It’s a lengthy passage (a couple of pages), but I didn’t want to cut it short.
Middlesex by Jeffrey Eugenides
Historical fact: people stopped being human in 1913. That was the year Henry Ford put his cars on rollers and made his workers adopt the speed of the assembly line. At first, workers rebelled. They quit in droves, unable to accustom their bodies to the new pace of the age. Since then, however, the adaptation has been passed down: we’ve all inherited it to some degree, so that we plug right into joysticks and remotes, to repetitive motions of a hundred kinds.
But in 1922 it was still a new thing to be a machine.
On the factory floor, my grandfather was trained for his job in seventeen minutes. Part of the new production method’s genius was its division of labor into unskilled tasks. That way you could hire anyone. And fire anyone. The foreman showed Lefty how to take a bearing from the conveyor, grind it on a lathe, and replace it. Holding a stopwatch, he timed the new employee’s attempts. Then, nodding once, he led Lefty to his position on the Line. On the left stood a man named Wierzbicki; on the right, a man named O’Malley. For a moment, they are three men, waiting together. Then the whistle blows.
Every fourteen seconds Wierzbicki reams a bearing and Stephanides grinds a bearing and O’Malley attaches a bearing to a camshaft. This camshaft travels away on a conveyor, curling around the factory, through its clouds of metal dust, its acid fogs, until another worker fifty yards on reaches up and removes the camshaft, fitting it onto the engine block (twenty seconds). Simultaneously, other men are unhooking parts from adjacent conveyors – the carburetor, the distributor, the intake manifold – and connecting them to the engine block. Above their bent heads, huge spindles pound steam-powered fists. No one says a word. Wierzbicki reams a bearing and Stephanides grinds a bearing and O’Malley attaches a bearing to a camshaft. The camshaft circles around the floor until a hand reaches up to take it down and attach it to the engine block, growing increasingly eccentric now with swooshes of pipe and the plumage of fan blades. Wierzbicki reams a bearing and Stephanides grinds a bearing and O’Malley attaches a bearing to a camshaft. While other workers screw in the air filter (seventeen seconds) and attach the starter motor (twenty-six seconds) and put on the flywheel. At which point the engine is finished and the last man sends it soaring away …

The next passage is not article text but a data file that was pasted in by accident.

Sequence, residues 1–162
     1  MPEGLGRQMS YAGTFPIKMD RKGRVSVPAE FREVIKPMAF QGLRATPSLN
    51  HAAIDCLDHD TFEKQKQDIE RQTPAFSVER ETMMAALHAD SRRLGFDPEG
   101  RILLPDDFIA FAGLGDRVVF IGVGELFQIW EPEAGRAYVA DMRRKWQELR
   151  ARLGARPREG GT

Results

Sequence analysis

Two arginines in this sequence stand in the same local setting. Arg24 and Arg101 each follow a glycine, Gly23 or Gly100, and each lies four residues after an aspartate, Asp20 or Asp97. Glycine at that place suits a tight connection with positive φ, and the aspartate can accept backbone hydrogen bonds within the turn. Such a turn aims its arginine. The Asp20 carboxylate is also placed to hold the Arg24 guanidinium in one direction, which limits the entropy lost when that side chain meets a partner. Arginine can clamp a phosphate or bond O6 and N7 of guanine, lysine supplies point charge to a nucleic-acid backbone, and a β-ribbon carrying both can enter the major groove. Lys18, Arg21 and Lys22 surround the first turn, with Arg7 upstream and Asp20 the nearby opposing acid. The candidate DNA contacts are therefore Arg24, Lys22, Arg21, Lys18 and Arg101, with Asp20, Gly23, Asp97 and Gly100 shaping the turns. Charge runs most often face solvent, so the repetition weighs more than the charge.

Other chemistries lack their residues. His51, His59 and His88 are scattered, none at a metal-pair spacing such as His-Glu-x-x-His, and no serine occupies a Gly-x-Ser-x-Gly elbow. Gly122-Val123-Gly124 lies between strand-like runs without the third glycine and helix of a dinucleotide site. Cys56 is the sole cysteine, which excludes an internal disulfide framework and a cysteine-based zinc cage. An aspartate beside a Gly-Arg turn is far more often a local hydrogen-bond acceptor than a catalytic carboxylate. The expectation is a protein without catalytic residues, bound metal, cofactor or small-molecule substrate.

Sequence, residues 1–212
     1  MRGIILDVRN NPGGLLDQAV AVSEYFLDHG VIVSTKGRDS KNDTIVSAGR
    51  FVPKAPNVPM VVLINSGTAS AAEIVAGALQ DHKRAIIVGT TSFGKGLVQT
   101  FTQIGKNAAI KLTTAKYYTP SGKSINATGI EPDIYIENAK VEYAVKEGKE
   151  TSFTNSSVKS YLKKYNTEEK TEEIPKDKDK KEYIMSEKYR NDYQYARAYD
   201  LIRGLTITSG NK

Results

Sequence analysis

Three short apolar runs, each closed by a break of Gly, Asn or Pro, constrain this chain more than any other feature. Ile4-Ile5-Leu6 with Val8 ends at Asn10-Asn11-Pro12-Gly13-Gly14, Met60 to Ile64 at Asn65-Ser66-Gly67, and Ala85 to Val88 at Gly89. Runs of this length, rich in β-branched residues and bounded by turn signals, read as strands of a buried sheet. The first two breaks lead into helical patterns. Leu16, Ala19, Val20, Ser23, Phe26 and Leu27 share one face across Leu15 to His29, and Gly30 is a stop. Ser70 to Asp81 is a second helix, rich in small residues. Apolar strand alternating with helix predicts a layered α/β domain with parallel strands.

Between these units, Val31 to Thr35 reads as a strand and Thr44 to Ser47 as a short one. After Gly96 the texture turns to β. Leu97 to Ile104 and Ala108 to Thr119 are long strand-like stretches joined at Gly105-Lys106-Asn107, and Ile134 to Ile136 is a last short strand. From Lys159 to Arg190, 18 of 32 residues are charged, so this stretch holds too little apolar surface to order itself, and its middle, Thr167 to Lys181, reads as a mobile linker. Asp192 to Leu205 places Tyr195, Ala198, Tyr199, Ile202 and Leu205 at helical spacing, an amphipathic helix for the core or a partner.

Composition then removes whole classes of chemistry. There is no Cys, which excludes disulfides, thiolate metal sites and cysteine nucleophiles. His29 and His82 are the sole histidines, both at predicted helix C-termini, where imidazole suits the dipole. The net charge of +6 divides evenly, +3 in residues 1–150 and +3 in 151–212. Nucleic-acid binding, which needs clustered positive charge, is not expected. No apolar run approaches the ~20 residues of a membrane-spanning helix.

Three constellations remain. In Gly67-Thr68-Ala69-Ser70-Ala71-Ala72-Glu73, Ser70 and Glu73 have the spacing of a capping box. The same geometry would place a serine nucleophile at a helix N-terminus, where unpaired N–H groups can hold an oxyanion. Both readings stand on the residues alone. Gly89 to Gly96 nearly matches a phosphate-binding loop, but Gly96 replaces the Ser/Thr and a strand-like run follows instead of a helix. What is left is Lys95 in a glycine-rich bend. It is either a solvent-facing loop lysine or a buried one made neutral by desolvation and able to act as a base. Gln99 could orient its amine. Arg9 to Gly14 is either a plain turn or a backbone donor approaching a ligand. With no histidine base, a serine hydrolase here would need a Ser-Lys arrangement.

Except that he isn’t the last man. There are other men below hauling the engine in, as a chassis rolls out to meet it. These men attach the engine to the transmission (twenty-five seconds). Wierzbicki reams a bearing and Stephanides grinds a bearing and O’Malley attaches a bearing to a camshaft. My grandfather sees only the bearing in front of him, his hands removing it, grinding it, and putting it back as another appears. The conveyor over his head extends back to the men who stamp out the bearings and load ingots into the furnaces; it goes back to the Foundry where the Negroes work, goggled against the infernal light and heat. They feed iron ore into the Blast Oven and pour molten steel into core molds from ladles. They pour at just the right rate – too quickly and the molds will explode; too slowly and the steel will harden. They can’t stop even to pick the burning bits of metal from their arms. Sometimes the foreman does it; sometimes not. The Foundry is the deepest recess of the Rouge, its molten core, but the Line goes back farther than that. It extends outside to the hills of coal and coke; it goes to the river where freighters dock to unload the ore, at which point the Line becomes the river itself, snaking up to the north woods until it reaches its source, which is the earth itself, the limestone and sandstone therein; and then the Line leads back again, out of substrata to river to freighters and finally to the cranes, shovels, and furnaces where it is turned into molten steel and poured into molds, cooling and hardening into car parts – the gears, drive shafts, and fuel tanks of 1922 Model T’s. Wierzbicki reams a bearing and Stephanides grinds a bearing and O’Malley attaches a bearing to a camshaft. Above and behind, at various angles, workers pack sand into core molds, or hammer plugs into molds, or put casting boxes into the cupola furnace. The Line isn’t a single line but many, diverging and intersecting. Other workers stamp out body parts (fifty seconds), bump them (forty-two seconds), and weld the pieces together (one minute and ten seconds). Wierzbicki reams a bearing and Stephanides grinds a bearing and O’Malley attaches a bearing to a camshaft. The camshaft flies around the factory until a man unhooks it, attaches it to the engine block, growing eccentric now with fan blades, pipes, and spark plugs. And then the engine is finished. A man sends it dropping down onto a chassis rolling out to meet it, as three other workers remove a car body from the oven, its black finish baked to a shine in which they can see their own faces, and they recognize themselves, momentarily, before they drop the body onto the chassis rolling out to meet it. A man jumps into the front seat (three seconds), turns the ignition (two seconds), and drives the automobile away.